5 for all y. Therefore, using the fact that our integral is finite and (x y) is smooth, we conclude that x u(x) x h(y) (x y) ds(y) h(y) x (x y) ds(y) 0. In the above theorem, we showed that as long as h is a continuous function on, then u and u, defined in (5.) and (5.2), respectively, are harmonic functions on Ω. Consequently, if we can choose h appropriately so that our initial condition will be satisfied, then we can find a solution of our particular problem ((a), (b), (c), or (d)). We claim that by choosing h appropriately, u will give us a solution of our interior or exterior Dirichlet problem. Similarly, we will show that by choosing h appropriately, u will give us a solution of our interior or exterior Neumann problems. For a moment, consider the interior Dirichlet problem (a). As proven above, for h a continuous function on, u defined in (5.2) is harmonic. Now, if we can choose h appropriately, such that for all x 0, lim x Ω x 0 u(x) g(x 0 ), then we will have found a solution of the interior Dirichlet problem. Consequently, we are interested in studying the limits of u as we approach the boundary of Ω. In order to study this, we must first prove the following lemma. Lemma 2. (Gauss Lemma) Consider the double layer potential, v(x) (x y) ds(y). Then, Proof.. First, for x Ω c, 0 x Ω c v(x) x Ω /2 x. v(x) 0 Ω (x y) ds(y) y Φ(x y) dy using the Divergence Theorem and the fact that Φ(x y) is smooth for y Ω, x Ω c. 5
6 2. Now, for x Ω, Φ(x y) is not smooth for all y Ω. In order to overcome this problem, we fix ɛ > 0 sufficiently small such that B(x, ɛ) is contained within Ω. Then on the region Ω B(x, ɛ), Φ(x y) is smooth, and, consequently, we can say 0 y Φ(x y) dy Ω B(x,ɛ) (x y) ds(y) (Ω B(x,ɛ)) (x y) ds(y) + where ν is the outer unit normal to Ω B(x, ɛ). As mentioned above, Φ yi (x y) B(x,ɛ) x i y i nα(n) y x n. (x y) ds(y) For y B(x, ɛ), the outer unit normal to Ω B(x, ɛ) is given by Therefore, for y B(x, ɛ), ν(y) x y x y. (x y) y Φ(x y) ν(y) x y nα(n) x y x y n x y x y 2 nα(n) x y n+ nα(n) x y. n Therefore, B(x,ɛ) (x y) ds(y) ds(y) B(x,ɛ) nα(n) x y n ds(y) nα(n)ɛ n. B(x,ɛ) Therefore, we conclude that 0 (x y) ds(y) + (x y) ds(y) +. 6 B(x,ɛ) (x y) ds(y)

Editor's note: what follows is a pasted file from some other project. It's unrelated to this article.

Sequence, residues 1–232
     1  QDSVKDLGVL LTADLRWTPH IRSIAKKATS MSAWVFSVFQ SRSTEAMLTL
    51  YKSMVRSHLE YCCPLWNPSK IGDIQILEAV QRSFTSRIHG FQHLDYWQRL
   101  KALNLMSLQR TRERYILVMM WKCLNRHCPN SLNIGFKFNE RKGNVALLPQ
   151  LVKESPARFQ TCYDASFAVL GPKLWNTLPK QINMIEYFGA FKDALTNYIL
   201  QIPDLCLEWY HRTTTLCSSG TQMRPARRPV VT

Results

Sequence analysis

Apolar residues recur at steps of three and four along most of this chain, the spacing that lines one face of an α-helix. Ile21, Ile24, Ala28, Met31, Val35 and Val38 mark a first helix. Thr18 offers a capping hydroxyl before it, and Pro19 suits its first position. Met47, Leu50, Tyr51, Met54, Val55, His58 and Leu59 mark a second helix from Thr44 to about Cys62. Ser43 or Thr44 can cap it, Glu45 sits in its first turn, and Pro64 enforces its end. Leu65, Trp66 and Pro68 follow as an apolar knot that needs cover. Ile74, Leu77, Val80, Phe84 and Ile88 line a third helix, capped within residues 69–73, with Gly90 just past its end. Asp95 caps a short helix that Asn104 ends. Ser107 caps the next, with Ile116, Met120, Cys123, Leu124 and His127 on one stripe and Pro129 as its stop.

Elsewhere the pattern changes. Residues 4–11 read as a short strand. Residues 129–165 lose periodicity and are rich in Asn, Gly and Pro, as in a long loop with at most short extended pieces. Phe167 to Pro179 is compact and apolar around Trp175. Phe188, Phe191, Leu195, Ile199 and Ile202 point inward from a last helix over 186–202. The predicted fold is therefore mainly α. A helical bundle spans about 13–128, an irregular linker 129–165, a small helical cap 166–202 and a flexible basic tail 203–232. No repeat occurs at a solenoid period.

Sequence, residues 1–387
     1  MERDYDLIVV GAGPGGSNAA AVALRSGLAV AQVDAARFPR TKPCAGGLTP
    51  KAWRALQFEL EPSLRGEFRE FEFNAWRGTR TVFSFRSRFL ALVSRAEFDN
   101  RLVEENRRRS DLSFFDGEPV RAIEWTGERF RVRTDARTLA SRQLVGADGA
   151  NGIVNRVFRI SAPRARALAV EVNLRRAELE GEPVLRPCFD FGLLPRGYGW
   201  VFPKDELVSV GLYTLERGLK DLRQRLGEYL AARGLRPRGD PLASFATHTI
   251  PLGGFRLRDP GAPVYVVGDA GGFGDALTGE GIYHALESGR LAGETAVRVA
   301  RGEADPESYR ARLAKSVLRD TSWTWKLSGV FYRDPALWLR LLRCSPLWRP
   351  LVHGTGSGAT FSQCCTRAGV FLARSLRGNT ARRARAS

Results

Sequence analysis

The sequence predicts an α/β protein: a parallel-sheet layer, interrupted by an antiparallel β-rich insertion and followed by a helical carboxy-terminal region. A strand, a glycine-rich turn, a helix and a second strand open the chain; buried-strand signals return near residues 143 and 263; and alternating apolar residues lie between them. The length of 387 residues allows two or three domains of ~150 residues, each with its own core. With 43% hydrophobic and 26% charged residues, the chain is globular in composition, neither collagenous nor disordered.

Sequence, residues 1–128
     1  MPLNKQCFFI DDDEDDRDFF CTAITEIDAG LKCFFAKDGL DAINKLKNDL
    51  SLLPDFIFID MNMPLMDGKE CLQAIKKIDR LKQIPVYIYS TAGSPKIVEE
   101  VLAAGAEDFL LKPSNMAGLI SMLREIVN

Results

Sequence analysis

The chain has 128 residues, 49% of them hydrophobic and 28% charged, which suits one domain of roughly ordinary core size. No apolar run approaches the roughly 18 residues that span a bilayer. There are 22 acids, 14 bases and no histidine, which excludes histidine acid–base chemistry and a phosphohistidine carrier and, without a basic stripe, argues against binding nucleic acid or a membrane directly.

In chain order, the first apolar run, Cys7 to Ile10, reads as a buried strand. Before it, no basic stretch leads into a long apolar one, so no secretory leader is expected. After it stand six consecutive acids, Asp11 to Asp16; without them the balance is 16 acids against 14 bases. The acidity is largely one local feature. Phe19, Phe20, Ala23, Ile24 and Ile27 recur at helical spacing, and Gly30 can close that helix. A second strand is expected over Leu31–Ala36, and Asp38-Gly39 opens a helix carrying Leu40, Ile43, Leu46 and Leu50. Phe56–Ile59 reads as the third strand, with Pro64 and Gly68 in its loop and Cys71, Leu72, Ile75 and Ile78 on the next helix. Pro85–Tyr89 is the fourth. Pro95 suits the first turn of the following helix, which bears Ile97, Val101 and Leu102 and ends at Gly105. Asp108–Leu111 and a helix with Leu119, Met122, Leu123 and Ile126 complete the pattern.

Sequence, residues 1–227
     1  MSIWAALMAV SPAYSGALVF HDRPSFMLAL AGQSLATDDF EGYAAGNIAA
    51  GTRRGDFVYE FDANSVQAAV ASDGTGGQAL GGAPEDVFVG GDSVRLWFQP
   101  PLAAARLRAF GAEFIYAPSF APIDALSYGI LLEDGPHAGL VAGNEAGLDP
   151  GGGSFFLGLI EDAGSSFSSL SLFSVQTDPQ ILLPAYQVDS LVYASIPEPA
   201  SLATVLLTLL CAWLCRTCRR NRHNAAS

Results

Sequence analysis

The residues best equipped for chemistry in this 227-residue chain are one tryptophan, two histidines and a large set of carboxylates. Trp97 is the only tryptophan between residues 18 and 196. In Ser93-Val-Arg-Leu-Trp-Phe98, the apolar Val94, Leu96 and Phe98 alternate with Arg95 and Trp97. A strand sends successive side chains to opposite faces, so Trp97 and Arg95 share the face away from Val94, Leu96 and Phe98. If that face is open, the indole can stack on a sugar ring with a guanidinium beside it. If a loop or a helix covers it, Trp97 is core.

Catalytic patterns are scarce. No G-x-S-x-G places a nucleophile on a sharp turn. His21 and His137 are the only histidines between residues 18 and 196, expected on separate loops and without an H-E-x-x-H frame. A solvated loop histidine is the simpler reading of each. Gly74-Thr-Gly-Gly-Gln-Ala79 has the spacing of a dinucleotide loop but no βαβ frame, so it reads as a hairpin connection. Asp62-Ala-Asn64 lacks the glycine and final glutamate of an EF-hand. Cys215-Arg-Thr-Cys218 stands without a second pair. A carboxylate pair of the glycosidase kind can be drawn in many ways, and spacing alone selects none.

7 which as desired. (x y) ds(y), 3. Last, we consider the case x. In this case, (x y) is not defined at y x. Fix x. Let B(x, ɛ) be the ball of radius ɛ about x. Let Ω ɛ Ω (Ω B(x, ɛ)). Let C ɛ {y B(x, ɛ) : ν(x) y < 0}. Ω Ω ε ε C ε x Let C ɛ ɛ C ɛ. First, we note that 0 y Φ(x y) dy Ω ɛ (x y) ds(y) ɛ ν y ɛ ec ɛ (x y) ds(y) + ecɛ (x y) ds(y), (5.3) where ν y is the outer unit normal to Ω ɛ. Now, first, we recall that y Φ(x y) For all y C ɛ, the outer unit normal is given by x y nα(n) y x n. ν(y) x y x y. 7
8 Therefore, Next, we use the fact that (x y) ds(y) ds(y) ν ecɛ y nα(n) x y n ecɛ ds(y). nα(n)ɛ n ec ɛ ds(y) C ɛ ds(y). In fact, as we will show below, ds(y) ds(y) + O(ɛ n ). (5.4) ec ɛ C ɛ We omit the proof of (5.4) for now and will return to it below. Assuming this fact for now, we have ec ɛ ds(y) 2 nα(n)ɛn + O(ɛ n ) which implies [ ] (x y) ds(y) ν ecɛ y nα(n)ɛ n 2 nα(n)ɛn + O(ɛ n ) 2 + nα(n) O(ɛ). Combining (5.3) and (5.5), we have 0 (x y) ds(y) nα(n) O(ɛ), which implies ɛ ec ɛ ɛ ec ɛ (x y) ds(y) 2 nα(n) O(ɛ). Taking the limit as ɛ 0 +, we have (x y) ds(y) 2, as claimed. ec ɛ (5.5) Now we will prove (5.4). Claim 3. For C ɛ and C ɛ as defined above, we have ds(y) ds(y) + O(ɛ n ). ec ɛ C ɛ 8
9 Proof. We just need to show that the surface area of C ɛ C ɛ is O(ɛ n ). The surface area is approximately the surface area of the base times the height. Now the surface area of the base is O(ɛ n 2 ). Therefore, we just need to show that the height is O(ɛ 2 ). Without loss of generality, we let x 0. Now, by assumption, is C 2. Therefore, can be written as the graph of a C 2 function f : R n R such that f(0) 0 and f(0) 0. Therefore, if y C ɛ C ɛ, then y n f(y,..., y n ) C (y,..., y n ) 2 C y 2 Cɛ 2, using Taylor s Theorem. Therefore, the height is O(ɛ 2 ) and the claim follows. Now with Gauss Lemma above, for u defined as in (5.2) for a continuous function h, we can find the limits of u(x) as we approach from the interior or the exterior. We state these results in the following theorem. Theorem 4. Let h be a continuous function on. Define the double layer potential u(x) h(y) (x y) ds(y). Let x 0. Then lim u(x) x Ω x 0 2 h(x 0) + u(x 0 ) lim u(x) x Ω c x 0 2 h(x 0) + u(x 0 ). Proof. We will prove only the first case, when x Ω. The second case works similarly. Let x Ω, x 0. We have u(x) h(y) (x y) ds(y) ν y h(y) (x y) ds(y) + h(x 0 ) (x y) ds(y) ν y h(x 0 ) (x y) ds(y) ν y [h(y) h(x 0 )] (x y) ds(y) + h(x 0 ) I(x) + h(x 0 ), using the fact that (x y) ds(y) for x Ω, 9